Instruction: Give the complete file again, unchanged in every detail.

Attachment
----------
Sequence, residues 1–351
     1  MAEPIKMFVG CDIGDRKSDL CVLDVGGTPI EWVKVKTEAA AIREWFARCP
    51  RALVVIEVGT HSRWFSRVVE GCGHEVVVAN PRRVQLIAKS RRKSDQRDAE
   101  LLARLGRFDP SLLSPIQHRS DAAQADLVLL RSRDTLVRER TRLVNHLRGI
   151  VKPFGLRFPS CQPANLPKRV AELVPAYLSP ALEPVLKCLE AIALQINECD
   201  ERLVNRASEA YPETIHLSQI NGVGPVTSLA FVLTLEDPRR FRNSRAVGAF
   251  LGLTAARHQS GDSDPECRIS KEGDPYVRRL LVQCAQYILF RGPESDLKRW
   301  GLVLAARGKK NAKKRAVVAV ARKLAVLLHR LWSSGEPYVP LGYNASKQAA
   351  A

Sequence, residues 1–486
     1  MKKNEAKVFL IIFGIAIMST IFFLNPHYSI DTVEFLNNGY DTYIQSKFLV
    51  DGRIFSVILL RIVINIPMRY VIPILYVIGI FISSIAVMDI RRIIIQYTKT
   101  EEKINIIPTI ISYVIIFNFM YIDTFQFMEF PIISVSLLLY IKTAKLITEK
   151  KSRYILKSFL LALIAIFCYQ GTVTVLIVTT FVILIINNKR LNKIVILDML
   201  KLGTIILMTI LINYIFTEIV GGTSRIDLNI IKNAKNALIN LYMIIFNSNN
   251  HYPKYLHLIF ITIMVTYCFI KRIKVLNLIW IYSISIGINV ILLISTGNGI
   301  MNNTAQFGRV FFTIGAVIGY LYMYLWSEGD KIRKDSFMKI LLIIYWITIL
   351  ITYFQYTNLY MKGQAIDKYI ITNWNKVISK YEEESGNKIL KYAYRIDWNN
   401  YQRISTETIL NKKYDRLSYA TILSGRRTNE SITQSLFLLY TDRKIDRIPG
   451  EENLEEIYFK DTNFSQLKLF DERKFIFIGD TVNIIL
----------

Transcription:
Sequence, residues 1–351
     1  MAEPIKMFVG CDIGDRKSDL CVLDVGGTPI EWVKVKTEAA AIREWFARCP
    51  RALVVIEVGT HSRWFSRVVE GCGHEVVVAN PRRVQLIAKS RRKSDQRDAE
   101  LLARLGRFDP SLLSPIQHRS DAAQADLVLL RSRDTLVRER TRLVNHLRGI
   151  VKPFGLRFPS CQPANLPKRV AELVPAYLSP ALEPVLKCLE AIALQINECD
   201  ERLVNRASEA YPETIHLSQI NGVGPVTSLA FVLTLEDPRR FRNSRAVGAF
   251  LGLTAARHQS GDSDPECRIS KEGDPYVRRL LVQCAQYILF RGPESDLKRW
   301  GLVLAARGKK NAKKRAVVAV ARKLAVLLHR LWSSGEPYVP LGYNASKQAA
   351  A

Sequence, residues 1–486
     1  MKKNEAKVFL IIFGIAIMST IFFLNPHYSI DTVEFLNNGY DTYIQSKFLV
    51  DGRIFSVILL RIVINIPMRY VIPILYVIGI FISSIAVMDI RRIIIQYTKT
   101  EEKINIIPTI ISYVIIFNFM YIDTFQFMEF PIISVSLLLY IKTAKLITEK
   151  KSRYILKSFL LALIAIFCYQ GTVTVLIVTT FVILIINNKR LNKIVILDML
   201  KLGTIILMTI LINYIFTEIV GGTSRIDLNI IKNAKNALIN LYMIIFNSNN
   251  HYPKYLHLIF ITIMVTYCFI KRIKVLNLIW IYSISIGINV ILLISTGNGI
   301  MNNTAQFGRV FFTIGAVIGY LYMYLWSEGD KIRKDSFMKI LLIIYWITIL
   351  ITYFQYTNLY MKGQAIDKYI ITNWNKVISK YEEESGNKIL KYAYRIDWNN
   401  YQRISTETIL NKKYDRLSYA TILSGRRTNE SITQSLFLLY TDRKIDRIPG
   451  EENLEEIYFK DTNFSQLKLF DERKFIFIGD TVNIIL